Journal of endourology / Endourological Society | 27 Mar 2013
JE Angell, MS Gomez, MM Baig and R Abaza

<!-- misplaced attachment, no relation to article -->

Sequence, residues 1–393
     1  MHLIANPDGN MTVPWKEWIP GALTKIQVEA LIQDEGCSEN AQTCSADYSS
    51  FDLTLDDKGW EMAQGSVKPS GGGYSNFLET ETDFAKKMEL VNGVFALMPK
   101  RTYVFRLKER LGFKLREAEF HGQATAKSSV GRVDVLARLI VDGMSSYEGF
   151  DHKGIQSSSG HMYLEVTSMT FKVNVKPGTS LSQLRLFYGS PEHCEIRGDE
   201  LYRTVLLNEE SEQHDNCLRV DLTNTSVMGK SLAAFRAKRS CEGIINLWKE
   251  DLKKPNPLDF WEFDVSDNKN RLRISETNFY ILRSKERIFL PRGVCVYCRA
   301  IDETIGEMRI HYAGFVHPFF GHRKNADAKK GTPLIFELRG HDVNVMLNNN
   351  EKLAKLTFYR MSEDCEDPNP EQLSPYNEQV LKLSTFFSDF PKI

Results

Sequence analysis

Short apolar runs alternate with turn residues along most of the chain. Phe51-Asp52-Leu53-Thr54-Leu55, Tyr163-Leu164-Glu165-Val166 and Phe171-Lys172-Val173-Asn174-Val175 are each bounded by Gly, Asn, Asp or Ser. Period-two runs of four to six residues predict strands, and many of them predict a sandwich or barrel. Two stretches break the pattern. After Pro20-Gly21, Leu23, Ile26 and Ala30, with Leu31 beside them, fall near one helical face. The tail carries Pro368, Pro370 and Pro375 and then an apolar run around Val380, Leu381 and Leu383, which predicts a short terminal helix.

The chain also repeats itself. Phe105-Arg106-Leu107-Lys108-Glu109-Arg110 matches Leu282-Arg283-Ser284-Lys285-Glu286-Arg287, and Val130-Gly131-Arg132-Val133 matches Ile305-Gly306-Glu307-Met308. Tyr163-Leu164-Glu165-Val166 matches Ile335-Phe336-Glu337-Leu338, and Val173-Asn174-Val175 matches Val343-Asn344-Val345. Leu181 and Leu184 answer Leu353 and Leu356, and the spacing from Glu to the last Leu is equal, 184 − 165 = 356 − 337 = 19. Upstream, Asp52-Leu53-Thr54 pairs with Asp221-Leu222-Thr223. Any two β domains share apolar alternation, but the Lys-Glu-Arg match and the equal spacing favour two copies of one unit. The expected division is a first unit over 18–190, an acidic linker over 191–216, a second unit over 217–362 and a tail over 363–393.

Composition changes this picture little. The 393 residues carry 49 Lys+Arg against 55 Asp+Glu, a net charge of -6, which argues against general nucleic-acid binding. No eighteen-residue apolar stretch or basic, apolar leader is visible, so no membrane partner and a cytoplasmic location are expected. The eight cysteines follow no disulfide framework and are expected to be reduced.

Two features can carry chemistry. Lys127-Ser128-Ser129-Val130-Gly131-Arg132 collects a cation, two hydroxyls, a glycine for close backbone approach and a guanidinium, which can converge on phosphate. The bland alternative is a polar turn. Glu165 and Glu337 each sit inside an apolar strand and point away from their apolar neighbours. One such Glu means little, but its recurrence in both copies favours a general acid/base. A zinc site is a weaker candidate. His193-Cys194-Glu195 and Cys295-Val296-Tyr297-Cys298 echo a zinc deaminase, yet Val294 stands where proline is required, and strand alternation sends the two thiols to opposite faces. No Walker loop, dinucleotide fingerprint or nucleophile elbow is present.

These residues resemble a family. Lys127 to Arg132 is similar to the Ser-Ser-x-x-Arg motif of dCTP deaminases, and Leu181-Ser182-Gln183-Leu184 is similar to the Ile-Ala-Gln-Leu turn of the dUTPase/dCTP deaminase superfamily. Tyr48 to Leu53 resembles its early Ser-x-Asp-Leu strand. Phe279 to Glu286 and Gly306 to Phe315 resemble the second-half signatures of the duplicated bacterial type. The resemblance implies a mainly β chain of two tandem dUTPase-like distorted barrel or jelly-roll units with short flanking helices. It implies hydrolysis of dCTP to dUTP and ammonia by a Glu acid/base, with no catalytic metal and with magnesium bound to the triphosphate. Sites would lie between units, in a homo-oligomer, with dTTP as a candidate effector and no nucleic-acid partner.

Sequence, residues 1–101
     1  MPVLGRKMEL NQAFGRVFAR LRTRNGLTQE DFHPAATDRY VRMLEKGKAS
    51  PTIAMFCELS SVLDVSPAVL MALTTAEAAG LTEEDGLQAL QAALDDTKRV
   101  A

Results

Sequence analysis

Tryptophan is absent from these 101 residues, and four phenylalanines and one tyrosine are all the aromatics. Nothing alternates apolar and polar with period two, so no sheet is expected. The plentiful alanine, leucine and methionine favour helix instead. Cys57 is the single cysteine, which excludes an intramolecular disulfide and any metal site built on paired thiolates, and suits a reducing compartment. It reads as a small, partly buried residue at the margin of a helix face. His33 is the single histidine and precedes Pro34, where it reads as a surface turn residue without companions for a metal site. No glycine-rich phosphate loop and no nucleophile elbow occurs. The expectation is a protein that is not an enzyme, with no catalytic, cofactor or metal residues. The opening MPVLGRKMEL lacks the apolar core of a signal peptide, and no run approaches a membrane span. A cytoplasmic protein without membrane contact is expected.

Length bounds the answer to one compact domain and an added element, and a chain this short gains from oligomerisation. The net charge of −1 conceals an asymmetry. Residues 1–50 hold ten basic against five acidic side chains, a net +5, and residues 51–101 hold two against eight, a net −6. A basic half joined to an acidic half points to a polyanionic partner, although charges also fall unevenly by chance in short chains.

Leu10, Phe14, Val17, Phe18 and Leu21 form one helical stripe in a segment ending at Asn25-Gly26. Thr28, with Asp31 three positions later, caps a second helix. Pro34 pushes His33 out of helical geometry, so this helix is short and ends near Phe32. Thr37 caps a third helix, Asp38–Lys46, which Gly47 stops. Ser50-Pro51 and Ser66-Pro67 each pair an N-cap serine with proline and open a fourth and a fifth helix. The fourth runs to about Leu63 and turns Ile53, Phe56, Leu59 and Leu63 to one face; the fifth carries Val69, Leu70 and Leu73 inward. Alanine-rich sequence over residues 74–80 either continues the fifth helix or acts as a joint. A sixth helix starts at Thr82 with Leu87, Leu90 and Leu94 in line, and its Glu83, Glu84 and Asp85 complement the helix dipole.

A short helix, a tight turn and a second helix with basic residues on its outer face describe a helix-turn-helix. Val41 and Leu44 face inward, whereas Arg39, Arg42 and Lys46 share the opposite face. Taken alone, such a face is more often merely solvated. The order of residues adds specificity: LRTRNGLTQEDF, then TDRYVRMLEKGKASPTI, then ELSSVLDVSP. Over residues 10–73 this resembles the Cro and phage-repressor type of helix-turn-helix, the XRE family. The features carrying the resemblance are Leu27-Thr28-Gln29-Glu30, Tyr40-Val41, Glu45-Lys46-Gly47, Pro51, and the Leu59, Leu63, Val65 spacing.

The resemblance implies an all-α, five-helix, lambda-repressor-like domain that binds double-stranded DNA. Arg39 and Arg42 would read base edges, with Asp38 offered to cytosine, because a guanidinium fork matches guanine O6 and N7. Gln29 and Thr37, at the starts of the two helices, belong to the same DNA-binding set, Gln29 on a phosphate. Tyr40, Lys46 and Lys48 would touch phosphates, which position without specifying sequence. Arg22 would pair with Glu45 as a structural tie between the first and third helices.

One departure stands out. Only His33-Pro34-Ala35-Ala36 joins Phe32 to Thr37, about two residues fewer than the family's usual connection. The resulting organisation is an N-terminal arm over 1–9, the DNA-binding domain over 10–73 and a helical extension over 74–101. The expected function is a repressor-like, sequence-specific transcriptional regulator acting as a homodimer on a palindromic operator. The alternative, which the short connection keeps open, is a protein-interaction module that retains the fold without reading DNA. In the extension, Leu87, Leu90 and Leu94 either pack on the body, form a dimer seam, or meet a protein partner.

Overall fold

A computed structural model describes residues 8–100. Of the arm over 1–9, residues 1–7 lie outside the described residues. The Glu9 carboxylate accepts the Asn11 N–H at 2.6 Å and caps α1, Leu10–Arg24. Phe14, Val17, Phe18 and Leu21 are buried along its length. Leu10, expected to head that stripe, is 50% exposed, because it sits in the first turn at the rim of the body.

Purpose: Robotic surgical technology has been adopted by surgeons with and without previous standard laparoscopic experience. The necessity or benefit of prior training and experience in laparoscopic surgery is unknown. We hypothesized that laparoscopic training enhances performance in robotic surgery. Materials and Methods: Fourteen medical students with no surgical experience were instructed to incise a spiral using the da Vinci® surgical robot with time to completion and errors recorded. Each student was then trained for one month in standard laparoscopy but with no further robotic exposure. Training included a validated laparoscopic training program including timed and scored parameters. After completion of the month-long training, the students repeated the cutting exercise using the da Vinci® robot as well as with standard laparoscopic instruments and were scored within the same parameters. Results: The mean time to completely incise the spiral robotically prior to training was 16.72 minutes with a mean of 6.21 errors. After one month of validated laparoscopic training, the mean robotic time fell to 9:03 minutes (p=0.0002) with 3.57 errors (p=0.02). Laparoscopic performance after one month of validated laparoscopic training was 13.95 minutes with 6.14 errors, which was no better than pre-training robotic performance (p=0.20) and worse than post-training robotic performance (p=0.01). Conclusions: Formal laparoscopic training improved performance of a complex robotic task. Initial robotic performance without any robotic or laparoscopic training was equivalent to standard laparoscopic performance after extensive training. Additionally, after laparoscopic training the robot allowed significantly superior speed and precision of the task. Laparoscopic training may improve proficiency in operation of the robot. This may explain the perceived ease with which robotics is adopted by laparoscopically trained surgeons and may be important in training future robotic surgeons.
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